With mass demonstrations scheduled for June 30, a new poll has shown that the popularity of Egyptian President Mohamed Morsi has dropped from 57 percent a year ago to barely 28%.

The revolutionary youths who toppled former president Hosni Mubarak have launched a new movement called Tamarud, or “rebellion,” and are spearheading a campaign to force the president to resign; they accuse him of having betrayed the revolution, setting up a dictatorial regime, oppressing the individual and failed to address the spiraling economic crisis.

They also accuse him of blatantly filling every state position with members of the Muslim Brotherhood – a militant organization which openly states its desire to restore the caliphate – though Morsi had renounced his membership in the Brotherhood upon taking office.

In one of his more flagrant endeavors to complete the Brotherhood takeover of the country, Morsi appointed a devout member of the movement as culture minister. The man immediately fired the heads of the departments of music, theater, literature and visual arts, angering most Egyptians.

A similar process occured in the Ministries of Education and Religion.

It is obvious to all that the Brotherhood is striving to achieve complete control in the realms of education, religion and culture, with the aim of molding new generations in accordance with its ideology.

Earlier this week, Morsi appointed 17 new governors; seven are Muslim Brothers, and one, the governor of the key tourism province of Luxor, is a member of the Gama’a al- Islamiyya, the terrorist organization responsible for the 1997 Luxor massacre that left 57 foreign tourists dead.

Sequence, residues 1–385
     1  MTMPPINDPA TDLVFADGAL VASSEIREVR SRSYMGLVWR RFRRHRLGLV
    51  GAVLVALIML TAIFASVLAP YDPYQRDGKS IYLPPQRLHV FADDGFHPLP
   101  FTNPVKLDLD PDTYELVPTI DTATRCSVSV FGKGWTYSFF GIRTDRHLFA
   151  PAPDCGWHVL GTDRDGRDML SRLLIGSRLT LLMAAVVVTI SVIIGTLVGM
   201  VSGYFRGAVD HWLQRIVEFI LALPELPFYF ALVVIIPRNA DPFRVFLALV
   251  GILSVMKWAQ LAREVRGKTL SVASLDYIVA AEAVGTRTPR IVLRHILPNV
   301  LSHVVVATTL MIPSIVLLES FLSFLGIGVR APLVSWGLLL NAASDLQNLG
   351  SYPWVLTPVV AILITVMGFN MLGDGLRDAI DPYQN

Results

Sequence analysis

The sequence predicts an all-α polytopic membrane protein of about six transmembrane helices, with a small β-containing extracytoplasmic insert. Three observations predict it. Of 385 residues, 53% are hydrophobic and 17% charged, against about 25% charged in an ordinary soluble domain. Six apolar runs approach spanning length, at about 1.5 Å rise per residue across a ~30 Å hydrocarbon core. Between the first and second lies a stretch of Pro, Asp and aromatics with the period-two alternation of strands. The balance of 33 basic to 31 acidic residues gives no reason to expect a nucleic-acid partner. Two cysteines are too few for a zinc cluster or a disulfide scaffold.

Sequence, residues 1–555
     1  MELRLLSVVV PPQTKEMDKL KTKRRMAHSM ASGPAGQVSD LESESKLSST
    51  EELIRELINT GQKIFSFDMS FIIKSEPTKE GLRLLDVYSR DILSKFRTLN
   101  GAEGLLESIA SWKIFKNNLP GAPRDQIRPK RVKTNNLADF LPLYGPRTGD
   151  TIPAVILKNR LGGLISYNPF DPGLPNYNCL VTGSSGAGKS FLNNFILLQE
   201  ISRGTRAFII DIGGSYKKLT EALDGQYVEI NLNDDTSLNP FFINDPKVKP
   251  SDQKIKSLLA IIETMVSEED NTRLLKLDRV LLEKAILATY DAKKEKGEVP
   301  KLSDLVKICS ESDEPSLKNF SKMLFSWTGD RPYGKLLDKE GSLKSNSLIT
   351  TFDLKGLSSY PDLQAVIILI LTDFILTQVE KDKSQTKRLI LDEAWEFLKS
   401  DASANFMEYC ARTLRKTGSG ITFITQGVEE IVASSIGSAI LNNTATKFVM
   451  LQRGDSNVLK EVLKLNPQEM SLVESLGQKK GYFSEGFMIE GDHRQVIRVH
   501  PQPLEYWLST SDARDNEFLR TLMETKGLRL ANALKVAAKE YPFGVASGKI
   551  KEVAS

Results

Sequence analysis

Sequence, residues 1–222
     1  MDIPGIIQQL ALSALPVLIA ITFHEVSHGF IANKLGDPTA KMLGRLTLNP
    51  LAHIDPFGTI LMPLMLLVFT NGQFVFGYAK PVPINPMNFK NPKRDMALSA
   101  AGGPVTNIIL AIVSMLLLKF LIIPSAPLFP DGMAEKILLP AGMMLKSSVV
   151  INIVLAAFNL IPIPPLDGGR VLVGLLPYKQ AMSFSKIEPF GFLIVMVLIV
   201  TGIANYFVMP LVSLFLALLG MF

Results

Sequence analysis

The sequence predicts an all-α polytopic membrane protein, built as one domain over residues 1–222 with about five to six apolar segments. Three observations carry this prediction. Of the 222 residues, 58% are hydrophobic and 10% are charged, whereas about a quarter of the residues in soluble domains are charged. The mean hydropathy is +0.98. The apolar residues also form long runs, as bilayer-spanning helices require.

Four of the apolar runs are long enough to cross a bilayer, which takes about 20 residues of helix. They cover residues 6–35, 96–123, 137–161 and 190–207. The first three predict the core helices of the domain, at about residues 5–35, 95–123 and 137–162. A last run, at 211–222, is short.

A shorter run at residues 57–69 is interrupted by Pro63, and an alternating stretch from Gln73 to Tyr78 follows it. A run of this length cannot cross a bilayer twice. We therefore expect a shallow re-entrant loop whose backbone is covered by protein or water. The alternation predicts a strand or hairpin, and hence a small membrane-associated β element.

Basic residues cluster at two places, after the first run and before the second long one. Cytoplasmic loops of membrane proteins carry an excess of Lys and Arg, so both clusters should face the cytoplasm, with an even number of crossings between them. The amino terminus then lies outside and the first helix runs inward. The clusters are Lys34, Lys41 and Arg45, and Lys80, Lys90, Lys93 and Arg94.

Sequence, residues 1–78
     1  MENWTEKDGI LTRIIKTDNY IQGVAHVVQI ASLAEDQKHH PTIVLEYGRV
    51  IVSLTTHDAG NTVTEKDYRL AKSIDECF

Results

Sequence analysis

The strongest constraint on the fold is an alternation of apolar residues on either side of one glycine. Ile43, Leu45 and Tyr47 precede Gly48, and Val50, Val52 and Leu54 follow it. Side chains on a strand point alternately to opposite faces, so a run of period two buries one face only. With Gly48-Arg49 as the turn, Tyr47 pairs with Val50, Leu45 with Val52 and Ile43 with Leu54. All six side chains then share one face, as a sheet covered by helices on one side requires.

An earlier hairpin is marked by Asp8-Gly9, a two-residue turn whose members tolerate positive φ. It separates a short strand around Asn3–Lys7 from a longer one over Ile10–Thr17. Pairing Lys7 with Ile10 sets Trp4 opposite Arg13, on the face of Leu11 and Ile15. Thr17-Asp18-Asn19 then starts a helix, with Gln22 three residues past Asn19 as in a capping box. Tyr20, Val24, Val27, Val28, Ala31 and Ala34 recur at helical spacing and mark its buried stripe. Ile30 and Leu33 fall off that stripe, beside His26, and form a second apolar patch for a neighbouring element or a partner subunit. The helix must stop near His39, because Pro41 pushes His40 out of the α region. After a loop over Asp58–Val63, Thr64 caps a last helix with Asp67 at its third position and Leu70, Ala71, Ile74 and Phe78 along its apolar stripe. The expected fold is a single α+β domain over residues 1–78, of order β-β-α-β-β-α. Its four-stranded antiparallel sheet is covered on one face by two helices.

With the lower house of parliament disbanded by the courts, Morsi is pressing the upper house of the parliament – to which he granted by presidential decree the legislative powers vested in the presidency by the new constitution – to pass a number of important laws wanted by the Brotherhood concerning NGOs, the electoral process and the political rights of citizens.

These laws severely curtail the fundamental rights of the people, and many have been struck down by Egypt’s Supreme Constitutional Court.

The Tamarud movement has been circulating a petition to strip Morsi of his legitimacy, vowing to gather 15 million signatures before June 30.

Having announced it had garnered seven million so far, the movement is now at work organizing mass demonstrations against Morsi and the Brotherhood regime throughout the country – protests slated to reach their peak on June 30 in order to force the president to resign.

Will they succeed? It is true that most non-Islamic parties have declared their support for the Tamarud initiative and will take part in the mass demonstration at the end of the month. The National Salvation Front opposing Morsi’s legislative power grabs – led by Mohamed ElBaradei, Amru Moussa and Hamdeen Sabahi – has also agreed to the move; Moussa has gone as far as to say that June 30 will see the end of the Morsi regime.

The Front – which unites the liberals, the Left and the popular Nasserist current – is the only organized political opposition, and refuses to dialogue with Morsi until its three demands are met: withdrawal of the new electoral law granting a clear advantage to the Brotherhood party, setting up a neutral government to stay in place until elections are held, and dismissal of the attorney-general appointed in violation of the law.